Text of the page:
In most cases, kidney failure is caused by other health problems that have done permanent damage (harm) to your kidneys little by little, over time.

When your kidneys are damaged, they may not work as well as they should. If the damage to your kidneys continues to get worse and your kidneys are less and less able to do their job, you have chronic kidney disease. Kidney failure is the last (most severe) stage of chronic kidney disease. This is why kidney failure is also called end-stage renal disease, or ESRD for short.

Diabetes is the most common cause of ESRD. High blood pressure is the second most common cause of ESRD. Other problems that can cause kidney failure include:

Autoimmune diseases, such as lupus and IgA nephropathy
Genetic diseases (diseases you are born with), such as polycystic kidney disease
Nephrotic syndrome
Urinary tract problems
Sometimes the kidneys can stop working very suddenly (within two days). This type of kidney failure is called acute kidney injury or acute renal failure. Common causes of acute renal failure include:

Heart attack
Illegal drug use and drug abuse
Not enough blood flowing to the kidneys
Urinary tract problems
This type of kidney failure is not always permanent. Your kidneys may go back to normal or almost normal with treatment and if you do not have other serious health problems.

Having one of the health problems that can lead to kidney failure does not mean that you will definitely have kidney failure. Living a healthy lifestyle and working with your doctor to control these health problems can help your kidneys work for as long as possible.

What causes acute kidney failure?

Renal causes of kidney failure (damage directly to the kidney itself) include:

Sepsis: The body's immune system is overwhelmed from infection and causes inflammation and shutdown of the kidneys. This usually does not occur with simple urinary tract infections.

Medications: Some medications are toxic to the kidney including:

• Nonsteroidal anti-inflammatory drugs (NSAIDs) like ibuprofen (Advil, Motrin, and others), and naproxen (Aleve, Naprosyn)
• Antibiotics like aminoglycosides gentamicin (Garamycin), tobramycin lithium (Eskalith, Lithobid)
• Iodine-containing medications such as those injected for radiology dye studies

Rhabdomyolysis: In rhabdomyolysis there is significant muscle breakdown in the body, and the damaged muscle fibers clog the filtering system of the kidneys. Massive muscle injury may occur because of trauma, crush injuries, and burns. Some medications used to treat high cholesterol may cause rhabdomyolysis.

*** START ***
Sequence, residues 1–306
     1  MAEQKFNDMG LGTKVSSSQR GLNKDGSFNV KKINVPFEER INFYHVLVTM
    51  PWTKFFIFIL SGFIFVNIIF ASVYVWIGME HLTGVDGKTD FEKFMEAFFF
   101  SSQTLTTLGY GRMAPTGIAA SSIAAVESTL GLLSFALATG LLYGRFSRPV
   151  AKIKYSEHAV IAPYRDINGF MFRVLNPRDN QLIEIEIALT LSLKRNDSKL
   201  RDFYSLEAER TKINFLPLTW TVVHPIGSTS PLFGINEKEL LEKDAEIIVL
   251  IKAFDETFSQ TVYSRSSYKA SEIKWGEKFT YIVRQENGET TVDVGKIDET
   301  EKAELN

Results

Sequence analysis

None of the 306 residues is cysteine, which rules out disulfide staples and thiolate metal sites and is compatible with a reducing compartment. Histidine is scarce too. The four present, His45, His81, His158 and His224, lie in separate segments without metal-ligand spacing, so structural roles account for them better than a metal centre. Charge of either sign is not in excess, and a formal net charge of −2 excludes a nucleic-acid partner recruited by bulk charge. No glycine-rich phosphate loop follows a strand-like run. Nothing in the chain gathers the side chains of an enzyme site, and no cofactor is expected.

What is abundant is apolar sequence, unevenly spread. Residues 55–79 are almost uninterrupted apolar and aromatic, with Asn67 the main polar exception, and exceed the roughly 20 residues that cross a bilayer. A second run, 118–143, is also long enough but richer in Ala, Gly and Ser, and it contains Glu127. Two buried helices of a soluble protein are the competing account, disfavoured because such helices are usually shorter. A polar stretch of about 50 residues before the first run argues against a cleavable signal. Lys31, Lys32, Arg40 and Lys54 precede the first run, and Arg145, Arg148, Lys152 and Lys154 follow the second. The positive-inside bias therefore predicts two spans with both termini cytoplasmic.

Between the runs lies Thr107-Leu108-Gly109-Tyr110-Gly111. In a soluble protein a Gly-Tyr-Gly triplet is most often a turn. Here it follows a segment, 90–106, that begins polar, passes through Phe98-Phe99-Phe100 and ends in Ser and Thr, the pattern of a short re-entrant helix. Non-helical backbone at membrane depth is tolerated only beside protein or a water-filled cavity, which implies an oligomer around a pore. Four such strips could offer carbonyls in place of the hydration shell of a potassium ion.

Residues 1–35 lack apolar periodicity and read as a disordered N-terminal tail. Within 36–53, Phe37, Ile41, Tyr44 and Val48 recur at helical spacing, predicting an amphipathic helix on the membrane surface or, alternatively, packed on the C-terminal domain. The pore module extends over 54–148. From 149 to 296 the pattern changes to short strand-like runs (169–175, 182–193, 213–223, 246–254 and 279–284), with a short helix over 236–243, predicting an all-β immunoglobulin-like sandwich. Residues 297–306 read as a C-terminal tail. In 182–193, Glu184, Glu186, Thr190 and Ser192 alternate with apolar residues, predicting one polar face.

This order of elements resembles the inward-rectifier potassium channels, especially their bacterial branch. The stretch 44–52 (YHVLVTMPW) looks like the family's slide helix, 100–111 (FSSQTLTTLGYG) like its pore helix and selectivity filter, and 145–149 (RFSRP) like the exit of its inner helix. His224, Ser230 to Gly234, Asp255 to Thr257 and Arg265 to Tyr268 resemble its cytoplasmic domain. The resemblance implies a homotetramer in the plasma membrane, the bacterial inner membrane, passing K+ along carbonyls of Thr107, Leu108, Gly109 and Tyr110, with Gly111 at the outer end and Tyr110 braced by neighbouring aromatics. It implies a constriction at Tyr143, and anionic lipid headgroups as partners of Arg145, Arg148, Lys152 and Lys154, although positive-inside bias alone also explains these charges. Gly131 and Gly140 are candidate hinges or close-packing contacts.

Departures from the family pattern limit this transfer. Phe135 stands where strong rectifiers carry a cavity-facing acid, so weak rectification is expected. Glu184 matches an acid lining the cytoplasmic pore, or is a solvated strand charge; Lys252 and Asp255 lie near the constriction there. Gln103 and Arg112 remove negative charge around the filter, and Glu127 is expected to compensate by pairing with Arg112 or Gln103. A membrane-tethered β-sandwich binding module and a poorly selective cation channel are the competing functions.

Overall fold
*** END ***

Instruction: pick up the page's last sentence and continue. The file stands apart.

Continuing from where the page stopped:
Multiple myeloma

Acute glomerulonephritis or inflammation of the glomeruli, the filtering system of the kidneys. Many diseases can cause this inflammation including:

• Systemic lupus erythematosus
• Wegener's granulomatosis
• Goodpasture syndrome.

Hemolytic uremic syndrome: This condition results from abnormal destruction of red blood cells. It most often occurs in children after certain infections, but also may be caused by medications, pregnancy, or can occur for unknown reasons.

Postrenal kidney failure causes
Post renal causes of kidney failure (post=after + renal= kidney) are due to factors that affect outflow of the urine:

Obstruction of the bladder or the ureters can cause back pressure because the kidneys continue to produce urine, but the obstruction acts like a dam, and urine backs up into the kidneys. When the pressure increases high enough, the kidneys are damaged and shut down.

Prostatic hypertrophy or prostate cancer may block the urethra and prevents the bladder from emptying.

Tumors in the abdomen that surround and obstruct the ureters.

Kidney stones: Usually, kidney stones affect only one kidney and do not cause kidney failure. However, if there is only one kidney present, a kidney stone may cause the remaining kidney to fail.

What are the signs and symptoms of kidney failure?